To live completely in the here and now without rushing and to really feel yourself again - for many other people this is one of the most beautiful things on vacation. But you can not only allow yourself to do this on vacation! The Vietnamese Zen master Thich Nhat Hanh advises: Be mindful of yourself and your surroundings - and you will also feel happy, lively and relaxed in everyday life. Here are some of his exercises from the Buddhist tradition, prepared in a simplistic way for coping with stress.

 

The key to mindfulness: your breath

 

Your breath is an expression of your life. Notice it now! Where do you feel it? In the chest, stomach or nose? What is its temperature? How long is the inhalation phase, how long is the exhalation phase? Is there a break in between? If you find it difficult to feel your breath, put your hand lightly on your stomach. Do not try to control your breath - your attention will make it calmer and deeper on its own after a while (abdominal breathing).

 

For every day and for emergencies

 

Regardless of whether you are at home, on the go or at work: stop and take your breath throughout the day. Every time you start a new activity (such as turning on the kettle, making a phone call, or driving out of the car), take a few mindful breaths. Help your attention by saying internally, “I breathe in and I know I breathe in. - I breathe out and I know that I breathe out. ”Put a small reminder, e.g. a printed out Tiki picture, next to the phone as a reminder.

Once you have got used to this little exercise, you can also use it profitably in difficult situations, when a strong negative feeling (fear, anger, despair) threatens you like a hurricane. Sit down with your feet firmly on the floor. Or lie down and place a hot water bottle on the lower abdomen so that it is comfortably warm. Now focus your attention exclusively on your breath, especially on your lower abdomen - until the storm has passed.

 

Use your ways

 

 

Do you often rush from one place to another, from one appointment to the next in everyday life and are still thinking about what is behind you, or are you already thinking of what is about to await you? Use the little ways you walk to get back to yourself in the present. Get out of the house on time so you don't have to run to the bus stop. Take the stairs instead of the elevator. Most of the time, the few minutes or even seconds that you need longer do not matter! Take a steady pace and concentrate solely on walking. Helpful here: Measure the breaths with your steps. How many steps do you take when you inhale and how many do you take when you exhale? Watch your breathing change as you climb or descend stairs. If you practice this on quiet walks, it will be easier for you in everyday life.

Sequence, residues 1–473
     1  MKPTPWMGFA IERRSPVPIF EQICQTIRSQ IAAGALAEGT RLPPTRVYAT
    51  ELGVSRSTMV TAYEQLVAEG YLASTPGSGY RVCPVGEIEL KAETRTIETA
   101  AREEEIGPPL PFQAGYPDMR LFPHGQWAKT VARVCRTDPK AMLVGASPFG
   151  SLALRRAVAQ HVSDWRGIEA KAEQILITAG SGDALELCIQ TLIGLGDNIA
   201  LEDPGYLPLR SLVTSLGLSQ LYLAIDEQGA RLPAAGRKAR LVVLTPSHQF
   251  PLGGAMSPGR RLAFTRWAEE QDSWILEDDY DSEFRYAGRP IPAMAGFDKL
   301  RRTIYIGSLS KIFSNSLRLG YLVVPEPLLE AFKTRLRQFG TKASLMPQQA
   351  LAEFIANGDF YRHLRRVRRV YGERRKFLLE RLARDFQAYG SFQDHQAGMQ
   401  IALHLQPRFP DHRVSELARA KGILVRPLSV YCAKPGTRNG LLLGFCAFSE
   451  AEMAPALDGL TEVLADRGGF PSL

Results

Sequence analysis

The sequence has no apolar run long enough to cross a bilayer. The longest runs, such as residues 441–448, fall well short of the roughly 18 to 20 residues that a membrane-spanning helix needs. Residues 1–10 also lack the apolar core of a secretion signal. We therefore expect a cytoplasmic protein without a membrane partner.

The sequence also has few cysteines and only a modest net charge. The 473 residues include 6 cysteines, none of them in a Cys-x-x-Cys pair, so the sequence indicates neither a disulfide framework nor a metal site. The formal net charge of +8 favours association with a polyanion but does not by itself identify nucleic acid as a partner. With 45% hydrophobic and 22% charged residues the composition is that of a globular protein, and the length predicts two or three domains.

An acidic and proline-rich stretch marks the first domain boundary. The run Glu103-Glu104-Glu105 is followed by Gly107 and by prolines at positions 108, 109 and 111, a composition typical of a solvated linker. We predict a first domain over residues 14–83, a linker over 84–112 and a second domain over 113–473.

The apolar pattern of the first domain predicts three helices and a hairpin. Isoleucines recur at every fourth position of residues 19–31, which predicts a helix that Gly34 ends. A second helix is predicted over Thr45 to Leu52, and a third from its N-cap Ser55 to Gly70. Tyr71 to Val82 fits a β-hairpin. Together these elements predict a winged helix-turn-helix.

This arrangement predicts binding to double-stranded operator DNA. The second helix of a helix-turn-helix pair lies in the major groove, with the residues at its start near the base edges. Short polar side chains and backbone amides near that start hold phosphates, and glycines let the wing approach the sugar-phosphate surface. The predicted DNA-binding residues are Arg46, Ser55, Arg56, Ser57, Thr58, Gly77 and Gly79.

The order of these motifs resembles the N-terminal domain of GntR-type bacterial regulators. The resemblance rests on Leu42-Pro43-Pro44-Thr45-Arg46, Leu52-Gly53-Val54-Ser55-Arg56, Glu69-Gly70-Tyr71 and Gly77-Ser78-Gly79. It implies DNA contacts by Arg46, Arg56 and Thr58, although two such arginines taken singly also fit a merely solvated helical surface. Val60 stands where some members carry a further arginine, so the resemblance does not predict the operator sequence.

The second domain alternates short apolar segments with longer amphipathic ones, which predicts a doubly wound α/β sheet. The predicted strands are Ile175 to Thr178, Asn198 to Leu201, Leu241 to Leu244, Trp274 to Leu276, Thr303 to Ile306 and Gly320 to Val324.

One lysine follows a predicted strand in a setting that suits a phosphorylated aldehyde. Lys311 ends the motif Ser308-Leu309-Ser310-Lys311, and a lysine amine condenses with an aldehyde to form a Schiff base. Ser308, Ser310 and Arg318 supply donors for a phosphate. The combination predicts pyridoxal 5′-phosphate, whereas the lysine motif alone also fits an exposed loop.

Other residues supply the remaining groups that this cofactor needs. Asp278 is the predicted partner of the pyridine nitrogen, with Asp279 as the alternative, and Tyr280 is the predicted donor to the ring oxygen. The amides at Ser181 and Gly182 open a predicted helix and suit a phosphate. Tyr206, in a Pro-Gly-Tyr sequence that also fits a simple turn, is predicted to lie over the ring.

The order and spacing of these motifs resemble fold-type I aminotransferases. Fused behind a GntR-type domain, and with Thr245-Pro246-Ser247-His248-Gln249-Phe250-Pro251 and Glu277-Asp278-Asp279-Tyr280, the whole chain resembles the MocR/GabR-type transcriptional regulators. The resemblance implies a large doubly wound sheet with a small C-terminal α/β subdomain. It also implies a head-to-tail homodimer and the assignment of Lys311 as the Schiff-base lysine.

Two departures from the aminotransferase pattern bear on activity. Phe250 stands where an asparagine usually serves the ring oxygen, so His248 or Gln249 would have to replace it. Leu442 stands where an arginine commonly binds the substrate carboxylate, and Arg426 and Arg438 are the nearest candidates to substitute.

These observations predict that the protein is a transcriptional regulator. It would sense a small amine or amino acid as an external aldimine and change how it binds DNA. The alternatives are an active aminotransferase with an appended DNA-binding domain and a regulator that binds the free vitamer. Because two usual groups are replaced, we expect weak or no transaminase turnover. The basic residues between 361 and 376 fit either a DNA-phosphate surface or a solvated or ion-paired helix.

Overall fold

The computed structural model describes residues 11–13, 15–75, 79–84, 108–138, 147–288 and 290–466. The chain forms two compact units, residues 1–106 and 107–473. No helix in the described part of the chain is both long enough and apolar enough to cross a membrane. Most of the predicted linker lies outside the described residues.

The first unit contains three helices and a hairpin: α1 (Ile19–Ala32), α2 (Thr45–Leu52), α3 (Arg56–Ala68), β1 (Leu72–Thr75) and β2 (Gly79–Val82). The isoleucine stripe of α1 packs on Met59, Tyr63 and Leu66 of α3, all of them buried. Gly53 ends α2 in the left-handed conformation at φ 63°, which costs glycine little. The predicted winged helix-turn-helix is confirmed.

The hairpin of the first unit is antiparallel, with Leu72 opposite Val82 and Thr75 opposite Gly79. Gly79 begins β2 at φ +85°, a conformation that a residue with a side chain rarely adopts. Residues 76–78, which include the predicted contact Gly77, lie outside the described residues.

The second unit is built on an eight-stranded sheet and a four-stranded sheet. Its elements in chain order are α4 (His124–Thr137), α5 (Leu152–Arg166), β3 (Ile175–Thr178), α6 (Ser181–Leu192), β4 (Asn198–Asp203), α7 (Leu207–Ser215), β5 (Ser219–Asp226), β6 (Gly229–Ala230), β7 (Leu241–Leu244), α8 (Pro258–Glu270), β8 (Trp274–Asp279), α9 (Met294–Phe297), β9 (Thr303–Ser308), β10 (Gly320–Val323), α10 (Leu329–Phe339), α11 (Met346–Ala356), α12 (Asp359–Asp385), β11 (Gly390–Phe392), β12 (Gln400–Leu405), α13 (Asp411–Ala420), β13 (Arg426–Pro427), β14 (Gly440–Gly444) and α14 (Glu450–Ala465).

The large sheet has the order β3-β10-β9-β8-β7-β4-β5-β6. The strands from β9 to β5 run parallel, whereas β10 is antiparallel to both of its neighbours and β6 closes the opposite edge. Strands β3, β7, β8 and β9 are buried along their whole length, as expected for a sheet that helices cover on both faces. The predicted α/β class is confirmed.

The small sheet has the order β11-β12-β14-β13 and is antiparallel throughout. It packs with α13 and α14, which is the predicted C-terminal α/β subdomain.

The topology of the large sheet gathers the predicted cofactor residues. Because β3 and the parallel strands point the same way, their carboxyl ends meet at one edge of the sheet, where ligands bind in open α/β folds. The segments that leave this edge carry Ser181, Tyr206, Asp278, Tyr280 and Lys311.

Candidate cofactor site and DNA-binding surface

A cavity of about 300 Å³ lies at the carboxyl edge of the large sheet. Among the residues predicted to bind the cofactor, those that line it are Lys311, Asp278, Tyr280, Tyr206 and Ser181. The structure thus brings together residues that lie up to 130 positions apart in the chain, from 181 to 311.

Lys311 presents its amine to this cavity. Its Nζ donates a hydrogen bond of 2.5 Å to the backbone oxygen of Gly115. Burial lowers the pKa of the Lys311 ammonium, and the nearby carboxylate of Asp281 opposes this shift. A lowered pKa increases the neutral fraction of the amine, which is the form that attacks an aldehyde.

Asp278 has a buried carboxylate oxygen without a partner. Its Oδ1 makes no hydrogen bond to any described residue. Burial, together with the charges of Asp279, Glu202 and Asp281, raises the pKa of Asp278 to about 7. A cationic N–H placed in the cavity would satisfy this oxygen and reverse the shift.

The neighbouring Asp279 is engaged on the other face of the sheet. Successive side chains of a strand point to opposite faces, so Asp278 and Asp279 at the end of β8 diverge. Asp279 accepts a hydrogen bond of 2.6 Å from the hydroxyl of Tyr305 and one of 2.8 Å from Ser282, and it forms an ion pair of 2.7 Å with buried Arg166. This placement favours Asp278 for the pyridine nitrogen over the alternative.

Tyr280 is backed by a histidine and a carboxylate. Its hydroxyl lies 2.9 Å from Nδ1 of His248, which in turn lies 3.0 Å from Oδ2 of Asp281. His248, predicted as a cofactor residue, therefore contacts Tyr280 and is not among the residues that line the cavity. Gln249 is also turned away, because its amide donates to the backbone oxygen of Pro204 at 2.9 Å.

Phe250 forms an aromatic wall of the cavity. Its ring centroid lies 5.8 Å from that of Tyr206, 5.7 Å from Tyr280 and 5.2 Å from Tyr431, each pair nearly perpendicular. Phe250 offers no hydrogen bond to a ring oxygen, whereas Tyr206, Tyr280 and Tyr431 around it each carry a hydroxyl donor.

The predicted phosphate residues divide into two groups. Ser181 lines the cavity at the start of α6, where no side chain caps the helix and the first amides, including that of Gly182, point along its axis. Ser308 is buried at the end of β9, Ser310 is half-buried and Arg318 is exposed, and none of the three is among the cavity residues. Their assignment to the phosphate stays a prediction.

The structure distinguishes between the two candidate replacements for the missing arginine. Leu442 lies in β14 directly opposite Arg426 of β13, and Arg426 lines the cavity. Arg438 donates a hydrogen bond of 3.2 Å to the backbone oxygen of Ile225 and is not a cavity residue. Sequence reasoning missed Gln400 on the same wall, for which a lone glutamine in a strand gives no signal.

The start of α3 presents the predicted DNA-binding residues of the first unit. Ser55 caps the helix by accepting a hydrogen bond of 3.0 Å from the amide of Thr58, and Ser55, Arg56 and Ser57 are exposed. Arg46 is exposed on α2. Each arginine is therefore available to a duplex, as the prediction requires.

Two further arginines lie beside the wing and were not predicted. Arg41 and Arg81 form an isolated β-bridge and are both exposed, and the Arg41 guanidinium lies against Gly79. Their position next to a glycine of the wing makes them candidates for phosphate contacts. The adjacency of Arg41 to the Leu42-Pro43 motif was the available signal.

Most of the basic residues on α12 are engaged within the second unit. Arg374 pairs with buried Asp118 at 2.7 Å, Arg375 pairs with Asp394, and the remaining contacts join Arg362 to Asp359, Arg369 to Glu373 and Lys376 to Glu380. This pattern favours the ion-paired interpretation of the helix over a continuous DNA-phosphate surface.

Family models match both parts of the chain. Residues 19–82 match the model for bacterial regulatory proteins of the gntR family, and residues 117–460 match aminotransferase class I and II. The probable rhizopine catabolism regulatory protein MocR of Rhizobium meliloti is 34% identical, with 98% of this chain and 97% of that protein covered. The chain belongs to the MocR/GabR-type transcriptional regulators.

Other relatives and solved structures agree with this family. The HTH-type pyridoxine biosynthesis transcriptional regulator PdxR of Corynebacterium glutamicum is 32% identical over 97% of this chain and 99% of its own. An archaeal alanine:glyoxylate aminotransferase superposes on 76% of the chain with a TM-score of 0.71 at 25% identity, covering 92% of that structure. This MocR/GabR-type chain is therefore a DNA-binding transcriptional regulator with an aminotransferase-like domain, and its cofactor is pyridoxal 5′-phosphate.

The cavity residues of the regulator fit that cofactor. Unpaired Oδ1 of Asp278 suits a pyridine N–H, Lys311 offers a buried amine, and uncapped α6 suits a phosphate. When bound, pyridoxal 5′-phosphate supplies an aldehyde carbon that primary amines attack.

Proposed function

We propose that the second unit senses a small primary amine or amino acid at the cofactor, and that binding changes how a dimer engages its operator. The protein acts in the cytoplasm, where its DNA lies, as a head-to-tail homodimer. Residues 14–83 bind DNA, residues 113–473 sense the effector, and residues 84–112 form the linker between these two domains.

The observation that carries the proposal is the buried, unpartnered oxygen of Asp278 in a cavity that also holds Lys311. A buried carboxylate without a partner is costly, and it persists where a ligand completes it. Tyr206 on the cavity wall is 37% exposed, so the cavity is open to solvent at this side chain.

Smile at your life

 

Smile relaxed. This applies not only to most of the facial muscles, but also to the entire body and mind. When you wake up in the morning, tell yourself, "I'll wake up and smile." Not because your life is perfect or because something extraordinary is waiting for you that day. Just smile knowing that you are alive and that there are 24 new hours ahead of you that you can shape yourself. Regardless of how tight you are and how much time you have! Because how you do your duties and how you meet the people you (forcibly) meet is up to you. If you think of your day with this mindset, your smile will not be a mask put on.

Smile at yourself (in the mirror), at other people, but also at the objects you use: the faucet, the cloakroom, your car. With your smile you express your attention and your joy: “I perceive that you are there and I am happy.” Practical side effect: In this way you will carry out your daily chores less mechanically and less often with questions like “What did I actually want to fetch it in the basement? "

A good start to practice: smile when you fall asleep in the dark - nobody can see it, but you relax in a whole new way.

 

Relax

 

With a simple meditation you can focus your attention on individual parts of your body. The basic formula: “When I breathe in, I am ... aware. Exhaling, I smile ... ”Instead of the dots, insert what you want to be mindful of, e.g. B: “When I breathe in, I am aware of my muscles. Exhaling, I smile at my muscles. "

The following exercise is suitable for relaxation and stress management: “I breathe in and become aware of my whole body. I breathe out and allow my body to relax. "

Thich Nhat Hanh: Enjoy every moment.